1. Obtain the desired version of macOS that you would like to master the Recovery partition from. Later versions are available as free downloads from the Mac App Store.
  2. Download Recovery Partition Creator. Latest version is 3.8 as of this writing.
  3. Launch Recovery Partition Creator and follow through the steps it presents. A few notes:
    • We recommend using this utility without any other applications running.
    • There are a couple points in the process where good feedback isn't provided. It may seem like nothing is happening. Be patient! When the process is complete, Recovery Partition Creator will let you know it is done.
    • At some point in the process, you may be asked what Installer OS you are using. Choose the version that matches the installer you pointed Recovery Partition Creator to. If you chose a macOS 10.10 installer, select 10.9 since 10.10 isn't listed as an option.
    • In theory, this utility can convert an existing drive w/ partitions to contain a Recovery partition, leaving the existing data intact. It has behaved this way on all drives we have tested. However, we recommend performing it on a newly formatted/partitioned drive as outlined in OPTION 1 or OPTION 2. If you absolutely must run this on a drive with existing data, we highly recommend you back it up first. ChronoSync is a good tool for that!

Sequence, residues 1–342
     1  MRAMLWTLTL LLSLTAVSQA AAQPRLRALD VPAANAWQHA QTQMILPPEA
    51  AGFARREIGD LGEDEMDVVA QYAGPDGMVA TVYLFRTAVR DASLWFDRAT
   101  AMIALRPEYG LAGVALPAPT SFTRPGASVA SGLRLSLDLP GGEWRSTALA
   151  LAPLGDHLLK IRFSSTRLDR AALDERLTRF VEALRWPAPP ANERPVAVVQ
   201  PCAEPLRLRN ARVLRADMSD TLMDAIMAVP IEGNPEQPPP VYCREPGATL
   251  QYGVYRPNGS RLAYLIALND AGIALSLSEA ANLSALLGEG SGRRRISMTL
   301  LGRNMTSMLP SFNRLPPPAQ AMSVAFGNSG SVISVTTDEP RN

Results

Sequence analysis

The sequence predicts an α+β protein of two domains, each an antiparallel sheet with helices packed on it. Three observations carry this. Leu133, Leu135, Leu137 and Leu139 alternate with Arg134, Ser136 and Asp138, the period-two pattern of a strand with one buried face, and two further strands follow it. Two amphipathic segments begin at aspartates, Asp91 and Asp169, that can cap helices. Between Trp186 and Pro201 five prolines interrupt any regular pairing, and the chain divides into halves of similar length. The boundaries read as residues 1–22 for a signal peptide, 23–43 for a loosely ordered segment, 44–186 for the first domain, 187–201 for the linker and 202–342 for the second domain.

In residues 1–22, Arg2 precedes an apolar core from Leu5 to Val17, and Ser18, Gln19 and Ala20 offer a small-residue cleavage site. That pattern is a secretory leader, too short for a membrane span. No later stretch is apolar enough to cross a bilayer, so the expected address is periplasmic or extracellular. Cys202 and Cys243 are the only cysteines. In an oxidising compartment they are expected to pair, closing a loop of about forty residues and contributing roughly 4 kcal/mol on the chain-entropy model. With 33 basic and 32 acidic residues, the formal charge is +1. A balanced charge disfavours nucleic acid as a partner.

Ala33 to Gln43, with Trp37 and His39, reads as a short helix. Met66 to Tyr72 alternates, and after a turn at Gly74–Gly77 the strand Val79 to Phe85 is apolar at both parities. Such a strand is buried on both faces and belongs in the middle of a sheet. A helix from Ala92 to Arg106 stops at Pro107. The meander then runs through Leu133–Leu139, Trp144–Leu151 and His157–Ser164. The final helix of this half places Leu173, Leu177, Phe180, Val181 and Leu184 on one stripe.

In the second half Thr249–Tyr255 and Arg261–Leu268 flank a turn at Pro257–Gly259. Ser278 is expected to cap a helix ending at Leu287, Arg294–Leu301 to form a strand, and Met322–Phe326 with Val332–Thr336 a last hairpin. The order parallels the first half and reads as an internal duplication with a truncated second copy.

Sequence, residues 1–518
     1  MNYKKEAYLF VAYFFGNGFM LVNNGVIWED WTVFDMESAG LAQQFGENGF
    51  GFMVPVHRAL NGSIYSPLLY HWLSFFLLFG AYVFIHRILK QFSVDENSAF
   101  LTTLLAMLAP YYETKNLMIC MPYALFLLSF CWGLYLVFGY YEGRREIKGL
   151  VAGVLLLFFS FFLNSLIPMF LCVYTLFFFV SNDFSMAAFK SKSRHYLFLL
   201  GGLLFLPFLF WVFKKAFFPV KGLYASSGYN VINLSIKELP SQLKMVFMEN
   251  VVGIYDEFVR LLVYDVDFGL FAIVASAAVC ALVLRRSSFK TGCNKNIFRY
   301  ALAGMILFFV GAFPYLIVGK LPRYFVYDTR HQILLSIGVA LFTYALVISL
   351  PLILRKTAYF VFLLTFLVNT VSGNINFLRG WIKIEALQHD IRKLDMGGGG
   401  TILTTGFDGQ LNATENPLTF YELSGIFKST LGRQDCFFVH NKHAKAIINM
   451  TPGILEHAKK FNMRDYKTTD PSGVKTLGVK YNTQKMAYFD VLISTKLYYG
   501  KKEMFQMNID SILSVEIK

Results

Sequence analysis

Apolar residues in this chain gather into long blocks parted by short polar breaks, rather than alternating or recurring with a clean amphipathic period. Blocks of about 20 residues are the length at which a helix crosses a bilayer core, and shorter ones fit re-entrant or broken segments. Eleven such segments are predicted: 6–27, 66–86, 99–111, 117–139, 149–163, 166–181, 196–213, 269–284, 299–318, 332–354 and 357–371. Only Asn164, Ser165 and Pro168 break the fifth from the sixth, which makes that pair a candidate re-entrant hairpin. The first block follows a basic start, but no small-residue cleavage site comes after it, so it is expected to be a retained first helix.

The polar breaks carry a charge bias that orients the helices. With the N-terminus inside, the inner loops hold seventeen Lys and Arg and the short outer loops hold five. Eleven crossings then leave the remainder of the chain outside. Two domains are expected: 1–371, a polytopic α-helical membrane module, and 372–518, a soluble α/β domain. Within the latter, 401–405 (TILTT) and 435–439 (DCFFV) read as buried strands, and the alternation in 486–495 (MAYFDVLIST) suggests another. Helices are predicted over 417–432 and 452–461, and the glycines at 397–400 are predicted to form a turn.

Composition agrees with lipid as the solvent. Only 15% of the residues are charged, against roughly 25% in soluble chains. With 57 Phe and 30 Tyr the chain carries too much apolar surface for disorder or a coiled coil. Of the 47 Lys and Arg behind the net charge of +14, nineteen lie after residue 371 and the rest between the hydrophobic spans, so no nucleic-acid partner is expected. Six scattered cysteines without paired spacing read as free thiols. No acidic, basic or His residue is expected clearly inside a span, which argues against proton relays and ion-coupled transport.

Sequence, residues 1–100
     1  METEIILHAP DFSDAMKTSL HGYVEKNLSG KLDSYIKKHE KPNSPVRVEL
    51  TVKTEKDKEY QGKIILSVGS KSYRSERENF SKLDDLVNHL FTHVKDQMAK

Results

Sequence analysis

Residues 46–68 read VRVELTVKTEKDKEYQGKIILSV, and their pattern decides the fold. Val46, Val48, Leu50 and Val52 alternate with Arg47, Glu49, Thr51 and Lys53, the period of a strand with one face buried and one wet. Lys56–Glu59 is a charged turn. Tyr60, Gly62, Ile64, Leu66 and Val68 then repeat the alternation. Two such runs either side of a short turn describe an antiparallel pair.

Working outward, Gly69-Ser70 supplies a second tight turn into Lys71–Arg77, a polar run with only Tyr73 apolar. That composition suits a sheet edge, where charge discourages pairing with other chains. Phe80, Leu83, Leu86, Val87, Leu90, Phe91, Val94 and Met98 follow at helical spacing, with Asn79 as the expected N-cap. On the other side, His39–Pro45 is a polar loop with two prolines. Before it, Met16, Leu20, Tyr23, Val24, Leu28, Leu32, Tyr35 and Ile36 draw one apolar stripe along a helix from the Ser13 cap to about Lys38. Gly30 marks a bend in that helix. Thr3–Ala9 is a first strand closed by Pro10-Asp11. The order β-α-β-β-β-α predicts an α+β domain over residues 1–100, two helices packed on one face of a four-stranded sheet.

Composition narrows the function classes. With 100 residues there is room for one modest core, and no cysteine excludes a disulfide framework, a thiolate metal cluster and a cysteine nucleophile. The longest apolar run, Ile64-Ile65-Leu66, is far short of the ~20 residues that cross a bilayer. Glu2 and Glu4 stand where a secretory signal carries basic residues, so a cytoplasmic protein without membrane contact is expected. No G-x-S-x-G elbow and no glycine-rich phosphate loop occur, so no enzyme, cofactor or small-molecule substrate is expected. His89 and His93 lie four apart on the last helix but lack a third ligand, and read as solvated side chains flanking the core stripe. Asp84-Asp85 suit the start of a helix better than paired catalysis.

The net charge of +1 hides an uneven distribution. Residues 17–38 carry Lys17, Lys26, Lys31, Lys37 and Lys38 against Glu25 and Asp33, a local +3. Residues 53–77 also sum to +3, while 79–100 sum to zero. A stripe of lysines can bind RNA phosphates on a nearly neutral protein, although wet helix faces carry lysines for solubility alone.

4. Upon completion, you may Quit Recovery Partition Creator. The destination drive will now have a recovery partition on it!
  5. Use ChronoSync to create a bootable backup to the drive containing the new Recovery partition*.

CONCLUSION

When completed, the Recovery partition on your backup drive should be bootable. Depending on which version was installed, it may or may not be available for selection in Startup Manager by holding OPTION down while starting up. In all cases, you should be able to startup from a Recovery partition by holding COMMAND-R while starting up — your Mac will look for a Recovery partition to boot from on all available drives.

* - technically, you don’t have to create a bootable backup — it could be a data-only drive and still have the Recovery partition on it.

REVISION HISTORY

Jun-13-2018 - Note about HFS+ Recovery partitions added.
May-29-2015 - Updated to include other options for recovery.
Oct-6-2014 - Updated to use Apple’s Recovery Disk Assistant utility.
Apr-5-2014 - Created.